Free Markets, Free People
I’m not keen on many taxes to begin with, but as a practical matter, some are more destructive than others. Some are so bad that they’re a train wreck even by their proponents’ stated standards.
President Obama has proposed a package of tax hikes on the overseas operations of American firms. The supposed benefits sound like political winners: over the next decade the feds get $210 billion to shovel into the yawning budget hole, and at the same time discourage those companies from outsourcing jobs. Congressmen who promise more jobs but are wary of mounting deficits might think they’re hitting two birds with one stone.
But there are more appetizing birds than the goose that laid the golden egg.
See, there are just a few things that offer relief from the fact that the US is one of the few countries to tax its companies’ operations all over the globe. One is “deferral” – companies don’t pay taxes on most earnings until the money is returned to the US parent company, so they can delay getting slapped with the double tax by reinvesting their foreign earnings in foreign operations.
Another big relief is being able to claim credits on the taxes they pay to foreign governments.
Obama is proposing, among other things, to place new limits on deferral and clamp down on tax credits. These changes won’t work as advertised: they won’t reduce outsourcing (they may increase it) and won’t raise nearly as much revenue as originally claimed.
First, most American companies that expand overseas do it to get around trade barriers and get close to their customers. When a new KFC opens up in China, that’s not an outsourced American job; that’s an American business getting to expand into a growing market. The vast majority of sales made by foreign affiliates – think 90 to 94 percent – were to foreigners, not exports back to the US.
Second, the roughly 2,200 US-based corporations with overseas operations either employ or support the employment of 22 million Americans, and those companies create half of all American exports. Jobs here rely on providing direction to foreign workers (managers, engineers) and producing goods for affiliates to sell in foreign markets.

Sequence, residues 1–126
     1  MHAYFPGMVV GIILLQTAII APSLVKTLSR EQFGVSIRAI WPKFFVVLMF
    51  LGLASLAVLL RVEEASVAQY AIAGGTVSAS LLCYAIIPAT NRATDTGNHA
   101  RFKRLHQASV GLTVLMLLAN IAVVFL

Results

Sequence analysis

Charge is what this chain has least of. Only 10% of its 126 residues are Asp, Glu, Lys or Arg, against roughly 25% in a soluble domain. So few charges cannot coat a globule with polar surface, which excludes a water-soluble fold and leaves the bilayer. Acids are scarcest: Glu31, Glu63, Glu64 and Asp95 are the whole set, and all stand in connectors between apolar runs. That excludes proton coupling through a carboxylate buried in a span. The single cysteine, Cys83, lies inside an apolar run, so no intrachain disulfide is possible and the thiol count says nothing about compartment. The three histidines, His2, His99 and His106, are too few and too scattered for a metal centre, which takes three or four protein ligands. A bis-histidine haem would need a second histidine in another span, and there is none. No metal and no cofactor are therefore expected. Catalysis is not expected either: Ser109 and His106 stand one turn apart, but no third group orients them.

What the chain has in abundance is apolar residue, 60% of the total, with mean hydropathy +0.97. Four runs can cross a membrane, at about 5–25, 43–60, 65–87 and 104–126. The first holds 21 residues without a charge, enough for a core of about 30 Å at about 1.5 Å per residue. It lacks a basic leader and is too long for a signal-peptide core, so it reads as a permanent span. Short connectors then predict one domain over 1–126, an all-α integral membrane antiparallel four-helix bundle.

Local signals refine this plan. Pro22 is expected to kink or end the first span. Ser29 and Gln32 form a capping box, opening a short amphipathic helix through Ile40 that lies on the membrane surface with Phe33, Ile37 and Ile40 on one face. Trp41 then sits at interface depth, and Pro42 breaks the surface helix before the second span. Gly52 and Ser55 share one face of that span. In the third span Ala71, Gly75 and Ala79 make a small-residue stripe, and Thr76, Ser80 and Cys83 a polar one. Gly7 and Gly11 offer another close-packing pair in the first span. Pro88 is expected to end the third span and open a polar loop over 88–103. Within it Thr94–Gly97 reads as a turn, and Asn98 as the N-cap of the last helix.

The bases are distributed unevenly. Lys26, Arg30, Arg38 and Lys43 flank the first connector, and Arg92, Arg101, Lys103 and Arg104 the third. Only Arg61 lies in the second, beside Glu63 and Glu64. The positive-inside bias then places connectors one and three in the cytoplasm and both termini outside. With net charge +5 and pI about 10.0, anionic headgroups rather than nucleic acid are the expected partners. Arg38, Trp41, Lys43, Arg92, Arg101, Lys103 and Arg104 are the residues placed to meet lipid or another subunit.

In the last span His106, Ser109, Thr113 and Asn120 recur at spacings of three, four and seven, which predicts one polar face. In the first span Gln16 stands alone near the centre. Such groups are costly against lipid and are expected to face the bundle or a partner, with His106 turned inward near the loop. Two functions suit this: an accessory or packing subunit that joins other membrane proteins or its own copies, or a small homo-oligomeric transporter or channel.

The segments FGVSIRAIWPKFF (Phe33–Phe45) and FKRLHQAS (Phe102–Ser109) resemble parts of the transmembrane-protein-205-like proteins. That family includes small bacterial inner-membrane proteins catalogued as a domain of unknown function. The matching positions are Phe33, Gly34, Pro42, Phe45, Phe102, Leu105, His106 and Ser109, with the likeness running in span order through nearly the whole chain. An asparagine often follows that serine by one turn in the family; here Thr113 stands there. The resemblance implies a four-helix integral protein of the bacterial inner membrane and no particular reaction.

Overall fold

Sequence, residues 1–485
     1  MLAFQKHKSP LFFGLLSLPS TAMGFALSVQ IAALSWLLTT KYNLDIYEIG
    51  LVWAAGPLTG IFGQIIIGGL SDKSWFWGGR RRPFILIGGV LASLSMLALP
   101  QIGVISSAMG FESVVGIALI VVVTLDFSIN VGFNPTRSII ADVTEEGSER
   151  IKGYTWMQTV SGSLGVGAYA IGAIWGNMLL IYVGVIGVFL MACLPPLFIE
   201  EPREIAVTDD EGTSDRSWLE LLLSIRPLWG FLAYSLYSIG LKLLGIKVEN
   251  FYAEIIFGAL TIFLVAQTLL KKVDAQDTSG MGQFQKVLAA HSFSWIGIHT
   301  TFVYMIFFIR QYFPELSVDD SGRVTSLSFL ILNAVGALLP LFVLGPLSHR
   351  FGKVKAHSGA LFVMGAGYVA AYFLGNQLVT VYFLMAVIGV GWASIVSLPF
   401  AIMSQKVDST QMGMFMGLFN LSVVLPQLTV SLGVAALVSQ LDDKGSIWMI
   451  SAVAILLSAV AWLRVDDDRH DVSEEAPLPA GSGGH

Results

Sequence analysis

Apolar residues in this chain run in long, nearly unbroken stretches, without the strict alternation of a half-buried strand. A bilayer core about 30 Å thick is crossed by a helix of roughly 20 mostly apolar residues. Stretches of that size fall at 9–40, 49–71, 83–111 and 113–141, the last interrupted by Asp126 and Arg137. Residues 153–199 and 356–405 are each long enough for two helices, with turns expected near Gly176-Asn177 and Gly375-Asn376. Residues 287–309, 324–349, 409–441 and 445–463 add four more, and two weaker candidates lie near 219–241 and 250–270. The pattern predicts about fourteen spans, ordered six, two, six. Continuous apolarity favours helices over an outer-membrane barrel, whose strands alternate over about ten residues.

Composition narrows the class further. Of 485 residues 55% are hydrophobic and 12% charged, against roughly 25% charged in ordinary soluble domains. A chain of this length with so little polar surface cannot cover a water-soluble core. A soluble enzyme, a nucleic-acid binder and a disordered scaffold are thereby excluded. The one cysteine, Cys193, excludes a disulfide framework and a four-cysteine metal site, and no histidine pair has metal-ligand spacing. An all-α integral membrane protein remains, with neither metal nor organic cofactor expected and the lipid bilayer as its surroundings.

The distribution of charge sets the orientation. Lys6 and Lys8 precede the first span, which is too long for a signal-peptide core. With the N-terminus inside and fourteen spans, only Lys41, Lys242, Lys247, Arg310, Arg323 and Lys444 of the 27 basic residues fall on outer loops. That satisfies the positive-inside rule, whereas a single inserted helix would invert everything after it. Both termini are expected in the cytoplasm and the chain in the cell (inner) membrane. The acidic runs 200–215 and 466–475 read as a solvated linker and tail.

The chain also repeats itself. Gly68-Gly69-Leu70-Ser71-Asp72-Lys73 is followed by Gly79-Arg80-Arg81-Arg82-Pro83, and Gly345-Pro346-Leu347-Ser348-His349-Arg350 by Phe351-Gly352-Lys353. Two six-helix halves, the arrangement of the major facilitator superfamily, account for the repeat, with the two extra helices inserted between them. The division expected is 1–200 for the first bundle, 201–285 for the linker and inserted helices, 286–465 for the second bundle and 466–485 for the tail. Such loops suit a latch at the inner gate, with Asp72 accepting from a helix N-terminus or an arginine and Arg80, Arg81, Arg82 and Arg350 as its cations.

The growth of US foreign affiliates is “consistently accompanied” (PDF) by the growth of their parent companies, the opposite of what you would expect from a zero-sum perspective on “outsourcing”. More expansion abroad means more jobs, compensation and investment at home.
So making American firms uncompetitive abroad not only threatens jobs at home but even encourages businesses to headquarter themselves outside the US.
And as a result of that, the policy changes won’t raise nearly as much revenue as Obama claimed.
- The global downturn has been worse than Obama suspected back when that $210 billion figure was calculated.
- We’ve tried cutting back deferral before: in 1986, the government repealed deferral for the shipping industry, and consequently we lost half of our shipping capacity, taking a bunch of jobs and tax revenues with it.
- Even still, never underestimate the creativity and industriousness of tax lawyers.
That last part might not be such a problem if Obama’s proposals simplified the tax code, like he claims. But they make things worse on that score, not better.
As a note to my fellow Virginians: these companies with overseas operations are responsible for over half of the private sector jobs in the commonwealth (PDF source), and they tend to be the better-paying jobs (averaging over $70k compensation) like computer systems design and telecommunications. Is that going to sit well with the likes of Sen. Warner?
Bills that hurt this many people are loaded with political liabilities, yet I got word a few days ago that a bill with Obama’s proposals may come up for consideration in the House in September.
Get the word out. The more people know what this is going to cost them, the harder it will be to sell. By all rights, Obama’s Globo-Hike should fail politically before it has a chance to fail as policy.